A sexually transmitted disease (STD) is a disease that is spread during sex. (An STD can also be called STI for sexually transmitted infection.) You can become infected with an STD if you have sex with someone who has an STD. Any sex that involves the penis, vagina, anus, or mouth can spread disease. Some STDs spread through body fluids such as semen, vaginal fluid, or blood. Others spread through contact with affected skin.


Outline of male and female figures seen from the side, facing each other. Inside of mouth and throat is shown on both. Female figure shows cross-section of uterus, cervix, and fallopian tube in pelvis. Male figure shows cross-section of prostate at base of bladder, urethra running through penis, and testicle.
Places on or in the body where STDs cause damage include reproductive organs, the rectum, and the mouth.

It doesn’t matter if you’re straight or gay, male or female, young or old. Any person who has sex can get an STD. Your risk increases if:

  • You have more than one partner. The more partners you have, the greater your risk.

  • Your partner has other partners. If your partner is exposed to an STD, you could be, too.

  • You or your partner have had sex with other people in the past. Either of you might be carrying an STD from an earlier partner.

  • You have an STD. The STD may cause sores or other health problems that increase your risk of new infections. Your risk will stay high unless you change the behaviors that put you at risk of the current infection.


Left untreated, certain STDs can lead to cancer or even death. Some can harm unborn babies whose mothers are infected. Others can cause you to not be able to have children (sterility) or can affect changes in behavior or your ability to think. You can prevent these problems with safer sex, regular checkups, and early treatment. Always use a latex condom when you have sex. Get tested if you’re at risk. And get treated early if you have an STD.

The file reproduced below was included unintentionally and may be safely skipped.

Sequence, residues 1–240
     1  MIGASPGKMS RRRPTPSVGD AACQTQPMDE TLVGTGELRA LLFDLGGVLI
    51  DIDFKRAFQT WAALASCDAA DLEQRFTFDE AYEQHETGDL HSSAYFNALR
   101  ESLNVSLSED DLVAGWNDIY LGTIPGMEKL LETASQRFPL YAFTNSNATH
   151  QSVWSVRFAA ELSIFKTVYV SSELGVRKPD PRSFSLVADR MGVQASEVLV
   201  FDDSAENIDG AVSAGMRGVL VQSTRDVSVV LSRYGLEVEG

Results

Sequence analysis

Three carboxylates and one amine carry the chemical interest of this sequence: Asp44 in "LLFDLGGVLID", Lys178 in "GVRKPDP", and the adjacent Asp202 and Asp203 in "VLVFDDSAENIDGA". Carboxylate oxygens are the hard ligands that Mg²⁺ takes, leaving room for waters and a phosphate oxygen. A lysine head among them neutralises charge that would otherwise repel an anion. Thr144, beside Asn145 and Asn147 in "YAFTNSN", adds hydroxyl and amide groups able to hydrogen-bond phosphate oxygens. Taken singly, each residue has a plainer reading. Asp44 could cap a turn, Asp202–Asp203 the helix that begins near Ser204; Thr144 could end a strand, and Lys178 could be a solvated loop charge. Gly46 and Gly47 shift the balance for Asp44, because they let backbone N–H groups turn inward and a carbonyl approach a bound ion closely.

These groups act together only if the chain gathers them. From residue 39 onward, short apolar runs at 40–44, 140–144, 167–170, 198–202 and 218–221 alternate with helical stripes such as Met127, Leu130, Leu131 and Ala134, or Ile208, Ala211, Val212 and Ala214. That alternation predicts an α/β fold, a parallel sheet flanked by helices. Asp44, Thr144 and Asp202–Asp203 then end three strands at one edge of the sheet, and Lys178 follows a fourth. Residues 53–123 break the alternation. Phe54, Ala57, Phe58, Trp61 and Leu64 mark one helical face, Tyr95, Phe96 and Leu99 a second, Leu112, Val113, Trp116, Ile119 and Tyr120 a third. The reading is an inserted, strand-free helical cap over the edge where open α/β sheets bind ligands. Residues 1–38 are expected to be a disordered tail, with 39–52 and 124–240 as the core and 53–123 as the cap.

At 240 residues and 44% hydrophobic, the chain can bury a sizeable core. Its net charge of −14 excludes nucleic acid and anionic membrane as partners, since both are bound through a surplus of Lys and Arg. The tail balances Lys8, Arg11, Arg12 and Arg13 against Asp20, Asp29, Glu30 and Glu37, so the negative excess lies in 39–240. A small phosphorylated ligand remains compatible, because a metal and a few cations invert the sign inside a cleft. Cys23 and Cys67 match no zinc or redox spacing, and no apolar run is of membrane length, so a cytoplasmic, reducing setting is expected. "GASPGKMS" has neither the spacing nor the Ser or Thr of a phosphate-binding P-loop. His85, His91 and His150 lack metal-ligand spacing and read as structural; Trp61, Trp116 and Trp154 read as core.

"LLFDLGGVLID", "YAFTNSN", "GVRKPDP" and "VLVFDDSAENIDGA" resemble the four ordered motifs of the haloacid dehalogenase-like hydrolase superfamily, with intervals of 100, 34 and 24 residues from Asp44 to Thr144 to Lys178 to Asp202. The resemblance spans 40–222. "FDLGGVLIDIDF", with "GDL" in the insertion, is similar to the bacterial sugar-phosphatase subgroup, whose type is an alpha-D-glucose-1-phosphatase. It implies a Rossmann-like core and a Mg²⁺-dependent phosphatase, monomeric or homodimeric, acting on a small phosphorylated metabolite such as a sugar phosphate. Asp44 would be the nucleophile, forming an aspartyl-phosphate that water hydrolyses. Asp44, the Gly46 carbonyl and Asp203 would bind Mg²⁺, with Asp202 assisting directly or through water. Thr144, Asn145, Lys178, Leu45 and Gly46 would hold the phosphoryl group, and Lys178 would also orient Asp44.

The only sure way to know if you have an STD is to get checked by a healthcare provider. If you notice a change in how your body looks or feels, have it checked out. But keep in mind, STDs don’t always show symptoms. So if you’re at risk of STDs, get checked regularly. If you find you have an STD, be sure your partner gets treatment, too. If not, his or her health is at risk. And left untreated, your partner could pass the STD back to you, or on to others.


Be alert to any changes in your body and your partner’s body. Symptoms may appear in or near the vagina, penis, rectum, mouth, or throat. They include:

  • Unusual discharge

  • Lumps, bumps, or rashes

  • Sores that may be painful, itchy, or painless

  • Itchy skin

  • Burning with urination

  • Pain in the pelvis, belly (abdomen), or rectum


You may have an STD, even if you don’t have symptoms. If you think you are at risk, get checked. Go to a clinic or to your healthcare provider. If your partner has an STD, you need to be tested too, even if you feel fine.


Vaccines (also called immunizations) are available to prevent hepatitis A and hepatitis B. These are two kinds of STDs. There is also a vaccine to prevent HPV. This is a virus that can be passed from person to person through sexual contact. Ask your healthcare provider whether any of these vaccines is right for you.


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